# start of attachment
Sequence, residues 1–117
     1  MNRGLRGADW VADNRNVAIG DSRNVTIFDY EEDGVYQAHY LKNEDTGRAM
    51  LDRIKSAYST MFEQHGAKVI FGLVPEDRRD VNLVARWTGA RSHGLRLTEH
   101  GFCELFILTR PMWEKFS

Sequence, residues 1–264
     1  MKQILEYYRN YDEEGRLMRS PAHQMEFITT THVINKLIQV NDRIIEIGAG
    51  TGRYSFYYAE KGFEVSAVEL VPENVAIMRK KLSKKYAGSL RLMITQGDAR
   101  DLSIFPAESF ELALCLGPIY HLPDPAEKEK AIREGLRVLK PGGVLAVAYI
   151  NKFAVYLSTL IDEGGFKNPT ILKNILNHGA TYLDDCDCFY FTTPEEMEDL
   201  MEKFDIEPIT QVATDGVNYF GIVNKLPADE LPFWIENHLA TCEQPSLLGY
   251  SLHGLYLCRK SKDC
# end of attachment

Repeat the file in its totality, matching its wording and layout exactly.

Sequence, residues 1–117
     1  MNRGLRGADW VADNRNVAIG DSRNVTIFDY EEDGVYQAHY LKNEDTGRAM
    51  LDRIKSAYST MFEQHGAKVI FGLVPEDRRD VNLVARWTGA RSHGLRLTEH
   101  GFCELFILTR PMWEKFS

Sequence, residues 1–264
     1  MKQILEYYRN YDEEGRLMRS PAHQMEFITT THVINKLIQV NDRIIEIGAG
    51  TGRYSFYYAE KGFEVSAVEL VPENVAIMRK KLSKKYAGSL RLMITQGDAR
   101  DLSIFPAESF ELALCLGPIY HLPDPAEKEK AIREGLRVLK PGGVLAVAYI
   151  NKFAVYLSTL IDEGGFKNPT ILKNILNHGA TYLDDCDCFY FTTPEEMEDL
   201  MEKFDIEPIT QVATDGVNYF GIVNKLPADE LPFWIENHLA TCEQPSLLGY
   251  SLHGLYLCRK SKDC